By Roger Costa
DANCING THE TWIST IN BAMAKO
Samba is a revolutionary young man trying to establish socialism in his socioeconomic suffering country and people, while falling in love with a forbidden runaway bride, encouraging his father and brother, leading an aid group and dancing the nights of youth and discovery in Mali’s vibrant, musical capital. In this beautiful, uplifting and masterly crafted 60’s-set adventurous romance, director Robert Guédiguian gathers a powerful, convincing ensemble cast that reflects the needs, aspirations and expectations of the nation during that period, and how it impacted future generations. The story centers on Samba’s experience as a kid reaching maturity and committed to make the world around him a better and safer place for everyone, that includes his attempts to help and improve his people, his romance, the comradership, the conflicts and opportunities with the authorities and leaders, and his dancing passion; but it affectingly goes beyond that to allow other key characters to be explored: Samba’s brother’s behavior and conflicts with his father’s traditions and advises; the uncle who serves as the voice of God constantly remarking wisdom and righteousness; Samba’s father legal troubles with safety and hygiene protocols; and the heartbreaking and timely subplot of the runaway bride who was forced to marry under her village’s patriarchal traditions and accuses her husband of rape. Holding interest withing the running time of 2 hours, the narrative works fine, it is entertaining, historically accurate and dramatically convincing, punctuated by gorgeous cinematography (the spectacular sequence inside the textile shop is fascinating) and the effervescent musical numbers. A must-see.
(Artmattan Films. 2/24. Film Forum NYC.)
THE QUIET GIRL
Ireland’s Oscar nominated film is one of the most sensitive and delicate films ever made about abandon, loss and pure love. Anchored by a superb, hypnotic performance by first-time actor, child revelation Catherine Clinch in the role of Cait, the film captures innocence at its peak being destroyed by the inevitable course of life and reckless parenthood, but also being rescued by the immeasurable power of love. Making his feature film debut following an award-winning career of docs, shorts, TV movies and series, director and co-writer Colm Bairead leaves an impressive mark that easily defines him as a promising filmmaker. Born into an overcrowded family, little Cait is sent to her relatives’ farmhouse for a vacation where she stumbles with tragic events from the past and has a chance to figure out important rules about family values and compassion. An exquisite, poetic, contemplative coming of age story like no other.
(Super LTD. 2/24. Angelika Film Center.)
Iconic star Charlotte Rampling, one of the most versatile and honored living acting legends, gives another sample of her magnificent gift in this compelling, charismatic and universal family drama. The Oscar nominated actress pairs with young rising star George Ferrier who plays her destructive grandson attempting to make things right when returning home from board school. It sounds like an impossible mission as his grandmother is also on the destructive mode, abusing on alcohol while confined to the wheelchair and anxiously awating better reports from her doctors. That doesn’t happen either and with little time left, or expecting a miracle, she decides partnering with the kid for some final arrangements with the past while seeking the right legacy to leave. A touching, charismatic and occasionally funny dramedy set against the splendid New Zealand’s landscape, director Matthew Saville’s autobiographical tale is an inspiring look at acceptance, forgiveness and reconciliation.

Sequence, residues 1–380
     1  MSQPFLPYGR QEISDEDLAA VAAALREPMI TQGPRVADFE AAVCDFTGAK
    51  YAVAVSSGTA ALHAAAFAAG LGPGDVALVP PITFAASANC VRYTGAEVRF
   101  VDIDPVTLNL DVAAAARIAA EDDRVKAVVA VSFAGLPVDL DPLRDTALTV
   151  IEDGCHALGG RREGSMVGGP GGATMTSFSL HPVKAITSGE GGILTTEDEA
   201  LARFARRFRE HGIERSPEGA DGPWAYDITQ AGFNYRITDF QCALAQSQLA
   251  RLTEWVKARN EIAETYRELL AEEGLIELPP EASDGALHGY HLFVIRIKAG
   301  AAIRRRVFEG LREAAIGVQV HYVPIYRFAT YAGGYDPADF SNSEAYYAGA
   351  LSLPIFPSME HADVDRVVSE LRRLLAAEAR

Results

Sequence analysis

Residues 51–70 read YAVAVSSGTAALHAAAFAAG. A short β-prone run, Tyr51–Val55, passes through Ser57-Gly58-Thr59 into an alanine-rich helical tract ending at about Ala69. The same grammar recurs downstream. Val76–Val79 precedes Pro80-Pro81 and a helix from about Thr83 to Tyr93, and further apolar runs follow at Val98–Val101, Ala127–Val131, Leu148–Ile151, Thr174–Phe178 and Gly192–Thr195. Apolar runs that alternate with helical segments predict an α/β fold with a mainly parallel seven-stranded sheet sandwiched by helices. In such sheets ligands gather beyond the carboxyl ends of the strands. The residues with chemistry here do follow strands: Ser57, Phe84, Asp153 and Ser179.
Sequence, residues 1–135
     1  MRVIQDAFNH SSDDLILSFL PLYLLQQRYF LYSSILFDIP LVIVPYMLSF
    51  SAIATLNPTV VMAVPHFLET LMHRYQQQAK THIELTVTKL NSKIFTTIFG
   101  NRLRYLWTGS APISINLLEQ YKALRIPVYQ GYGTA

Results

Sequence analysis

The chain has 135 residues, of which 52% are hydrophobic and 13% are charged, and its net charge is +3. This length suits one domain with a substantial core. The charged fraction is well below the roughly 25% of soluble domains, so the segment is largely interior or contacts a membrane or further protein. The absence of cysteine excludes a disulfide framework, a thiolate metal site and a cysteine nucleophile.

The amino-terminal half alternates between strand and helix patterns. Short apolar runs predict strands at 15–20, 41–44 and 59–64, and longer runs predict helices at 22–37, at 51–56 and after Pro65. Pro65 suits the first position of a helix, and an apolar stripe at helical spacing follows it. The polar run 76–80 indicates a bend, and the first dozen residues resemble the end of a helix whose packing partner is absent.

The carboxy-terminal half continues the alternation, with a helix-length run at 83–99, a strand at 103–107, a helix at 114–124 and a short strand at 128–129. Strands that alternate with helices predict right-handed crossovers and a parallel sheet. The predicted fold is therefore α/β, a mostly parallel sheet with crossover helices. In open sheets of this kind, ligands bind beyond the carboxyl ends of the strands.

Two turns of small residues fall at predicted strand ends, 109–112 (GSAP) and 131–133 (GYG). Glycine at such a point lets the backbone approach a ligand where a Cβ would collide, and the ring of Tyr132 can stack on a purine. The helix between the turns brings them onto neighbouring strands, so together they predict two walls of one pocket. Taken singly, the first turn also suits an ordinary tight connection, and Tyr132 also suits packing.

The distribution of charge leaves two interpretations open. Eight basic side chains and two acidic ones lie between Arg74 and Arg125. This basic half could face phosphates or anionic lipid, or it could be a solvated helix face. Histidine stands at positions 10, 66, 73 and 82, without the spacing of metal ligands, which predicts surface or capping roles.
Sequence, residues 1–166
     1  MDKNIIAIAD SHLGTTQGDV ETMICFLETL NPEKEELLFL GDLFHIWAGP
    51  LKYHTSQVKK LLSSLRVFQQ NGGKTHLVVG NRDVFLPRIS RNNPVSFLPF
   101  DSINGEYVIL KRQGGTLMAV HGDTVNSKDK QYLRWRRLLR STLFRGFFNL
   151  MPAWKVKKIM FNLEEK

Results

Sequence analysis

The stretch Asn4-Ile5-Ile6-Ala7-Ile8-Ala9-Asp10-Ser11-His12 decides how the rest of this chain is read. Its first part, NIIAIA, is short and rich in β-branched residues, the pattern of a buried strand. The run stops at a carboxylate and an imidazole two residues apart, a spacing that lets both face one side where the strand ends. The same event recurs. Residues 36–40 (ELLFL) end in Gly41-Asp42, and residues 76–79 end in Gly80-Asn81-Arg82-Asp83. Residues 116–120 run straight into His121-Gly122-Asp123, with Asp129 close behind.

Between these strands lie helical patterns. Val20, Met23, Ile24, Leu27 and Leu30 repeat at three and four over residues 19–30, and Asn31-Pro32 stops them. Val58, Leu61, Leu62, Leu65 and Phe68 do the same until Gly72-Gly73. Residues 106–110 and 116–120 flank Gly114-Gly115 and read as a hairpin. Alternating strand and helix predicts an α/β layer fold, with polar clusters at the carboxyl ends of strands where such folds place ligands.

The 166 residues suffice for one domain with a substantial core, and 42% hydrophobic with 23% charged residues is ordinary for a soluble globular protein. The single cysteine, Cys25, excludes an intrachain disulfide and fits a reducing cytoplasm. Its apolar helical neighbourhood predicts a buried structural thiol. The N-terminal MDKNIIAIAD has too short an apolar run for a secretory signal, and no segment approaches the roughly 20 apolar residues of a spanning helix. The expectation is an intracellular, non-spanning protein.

(Greenwich Entertainment. 2/24. Regal Essex Crossing.)
THREE LATINO PICKS AT MoMA’s DocFortnight ’23
Director Ana Vaz’s first feature “It Is Night in America” was filmed at the Brasilia Zoo, known as the refuge for displaced animals and displays intimate close-ups of its subjects, wolves, capybaras, owls and anteaters, making it a fascinating, mystical and gothic-like observational work.
In “Calls from Moscow” director Luis Alejandro Yero paints an accurate, heartbreaking and immersive canvas of what’s like to be an immigrant at a distant place facing a disastrous situation. In this case, a group of Cuban migrants await the unknown as Russia strikes a war against Ukraine compromising their status and future in the country. Addressing the effects of loneliness, despair and inner strength, Yero conceives a captivating revolutionary project.
The Colombian title “La Bonga” is a mesmerizing account on the consequences of Civil War and the determination of a community in claiming back their land after 2 decades of isolation after they were forced to leave their village. Filmmakers Sebastian Pinzón Silva and Canela Reyes’s debut feature is a powerful meditation on displacement and socioeconomics struggle.
(The 22nd DocFortnight Festival runs February 22nd-March 7th at MoMA.)
TWO POLISH PICKS AT BAM’s Kino Polska ’23
Damian Kocur’s “Bread and Salt” is a lively and sensitive look at a young man’s return home after studying music at Warsaw University. As he reconnects with his brother and old friends, they stumble upon two refugees, rising racial tensions and threatening their future. An Award-winning at Venice, it is a compelling portrait of this generation and the stigma of “belonging”.
The intense, suspenseful and enigmatic “Illusion” follows a woman’s attempt to solve her daughter’s disappearance. Directed by Marta Minorowicz, the film takes on many twists when she decides going extreme in her solo investigation. Anchored by a fascinating performance by leading actress Agata Buzek, it is an intriguingly mysterious, mind bending female journey puzzle.
(The Kino Polska Festival 23 runs February 24th-March 2nd at BAM.)